2007 Changes – Investment Insights

January 15, 2007 2:02 am

December/January 2007 Investment Insights

This edition of Investment Insights will be the first time in a while that I have made a significant change to the overall subject matter that will become a staple of the monthly report. For the past two years, we have provided a smattering of economic and investment information in both table, graph and written format. Some of this is geared as informative and others are educational.

Investment SectorsWhile the core components of the newsletter are going to remain, there will be a significant addition to the back page. It will provide an in-depth look at the sectors that make up the markets and the performance of industry groups within those sectors. Each month there will be a different group highlighted and a commentary about the major catalyst that was driving performance.

Our goal is to continue to provide a good resource to help you better understand the markets and the underlying components. These will, in turn, give you a good vantage point to either a better understanding of why we have invested a certain way within your portfolio or, to help you with your own investment decisions. The ultimate objective is to keep you well informed about the markets.

As you can see, when you flip over to page four, there are two specific tables that will be highlighted. The first is the overview of the ten sectors that make up the S&P 500 index. These are considered to be the core areas within our economy and range from consumer related companies to technology and health care. Drill down more and you will find the specific industries that make up the sectors and below these are the specific companies represented.

January’s edition will start with consumer discretionary, and we will move forward alphabetically until all ten are covered and then we will start again.

In addition to the sectors, Investment Insights will continue to provide the latest economic trends as well as analysis of stocks. Each month we will highlight at least two specific stocks from within a sector. These are usually companies that we have an interest in buying, selling or shorting.

For example, last month we highlighted the digital photo area by showcasing Adobe and SanDisk. Each of these has the premiere products in their respective industries. SanDisk provides digital memory in the form of cards for use in many electronic devices while Adobe is a software manufacturer. Their software is by far the pre-eminent programs used by photographers, website developers as well as creative artists.

The thesis when recommending these stocks was that the digital work is continuing to expand at a rapid pace. As such, the need for faster memory cards with a much greater capacity has never been so apparent. With only a handful of companies left in this field (M-Systems was acquired by SanDisk and Lexar by Micron Technologies), there is going to be a lack of supply as more and more devices will require this type of media. In addition, there is a strong movement to utilize this type of memory in everyday computers. The current barrier is simply the fact that a hardware based memory is not as cost effectively manufactured as old-fashioned disk drives. Once we see the ability for a flash type card to hold 50+ gigabytes of data, there will be a serious shift towards products produced by companies such as SanDisk.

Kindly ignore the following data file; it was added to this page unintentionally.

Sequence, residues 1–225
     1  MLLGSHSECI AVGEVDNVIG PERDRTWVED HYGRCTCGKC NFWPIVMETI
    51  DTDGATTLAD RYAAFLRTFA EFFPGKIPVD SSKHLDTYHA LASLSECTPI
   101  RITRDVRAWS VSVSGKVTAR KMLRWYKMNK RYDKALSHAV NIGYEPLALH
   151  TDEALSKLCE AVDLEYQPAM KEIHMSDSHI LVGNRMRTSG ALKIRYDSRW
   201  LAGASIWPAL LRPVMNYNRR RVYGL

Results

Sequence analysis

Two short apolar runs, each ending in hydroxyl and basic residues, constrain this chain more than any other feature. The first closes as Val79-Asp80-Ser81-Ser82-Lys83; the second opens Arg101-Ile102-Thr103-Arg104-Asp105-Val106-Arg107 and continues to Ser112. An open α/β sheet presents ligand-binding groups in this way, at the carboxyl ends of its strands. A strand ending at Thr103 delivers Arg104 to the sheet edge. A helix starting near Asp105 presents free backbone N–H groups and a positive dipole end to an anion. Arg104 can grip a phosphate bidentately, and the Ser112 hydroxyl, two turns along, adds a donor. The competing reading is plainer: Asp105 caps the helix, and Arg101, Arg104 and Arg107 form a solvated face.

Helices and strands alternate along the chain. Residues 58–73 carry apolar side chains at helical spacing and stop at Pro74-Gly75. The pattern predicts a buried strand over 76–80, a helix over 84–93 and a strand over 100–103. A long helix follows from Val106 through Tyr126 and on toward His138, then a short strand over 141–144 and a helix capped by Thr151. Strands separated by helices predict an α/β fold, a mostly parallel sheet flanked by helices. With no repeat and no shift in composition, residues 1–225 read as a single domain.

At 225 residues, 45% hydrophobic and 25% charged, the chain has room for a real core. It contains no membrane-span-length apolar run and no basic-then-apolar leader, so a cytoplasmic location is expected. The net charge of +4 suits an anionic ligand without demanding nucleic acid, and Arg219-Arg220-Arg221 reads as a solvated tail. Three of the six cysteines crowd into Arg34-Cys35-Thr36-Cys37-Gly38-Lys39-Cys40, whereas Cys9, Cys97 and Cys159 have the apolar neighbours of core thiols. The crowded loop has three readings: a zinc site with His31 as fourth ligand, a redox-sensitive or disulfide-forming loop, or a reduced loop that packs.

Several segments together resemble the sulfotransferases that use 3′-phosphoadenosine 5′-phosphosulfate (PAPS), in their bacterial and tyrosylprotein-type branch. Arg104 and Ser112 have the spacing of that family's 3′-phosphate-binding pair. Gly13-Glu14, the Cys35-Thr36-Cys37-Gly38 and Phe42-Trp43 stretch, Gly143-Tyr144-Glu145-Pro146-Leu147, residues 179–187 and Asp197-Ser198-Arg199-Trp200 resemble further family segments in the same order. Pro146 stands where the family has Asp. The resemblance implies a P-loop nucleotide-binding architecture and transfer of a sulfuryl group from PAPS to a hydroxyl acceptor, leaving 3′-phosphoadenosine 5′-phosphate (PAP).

Adobe, on the other hand took over the market when it purchased Macromedia. The synergy was one that allowed for the two companies to merge overlapping products. It also allowed for the creation of program suites that have the best in class abilities. Macromedia had the majority of web-based tools, while Adobe had image management and editing software. The powerful combination of the two helped to cement Adobe as the premier provider of software to the creative industry.

This is the industry that creates, manages and produces all of the written and online publications that you read. They are also responsible for the movie and television industry. The fact is that aside from office programs and other business systems; Adobe has most of what is used every day by companies using Mac and Windows based systems including:

1. Video Editing: Adobe Premiere 2. Photo Management: Adobe Lightroom 3. Photo Editing: Adobe Photoshop 4. Web Design: Adobe Dreamweaver 5. Document management: Adobe Acrobat 6. Collaboration: Adobe Acrobat Connect 7. Design: Adobe Illustrator 8. Animation: Adobe Flash 9. Layout: Adobe Indesign 10. Web Content management: Adobe Contribute… The list goes on and on…

This month we are featuring two companies that are within the sector that we are reporting on. These have both been good performers for us and are part of most portfolios. Although we have shied away from the retail sector, these two companies have been standout performers due to their unique product line and a cult-like following by their clientele. Both of these have been reviewed previously but a quick look at their charts easily shows why they are back in focus.

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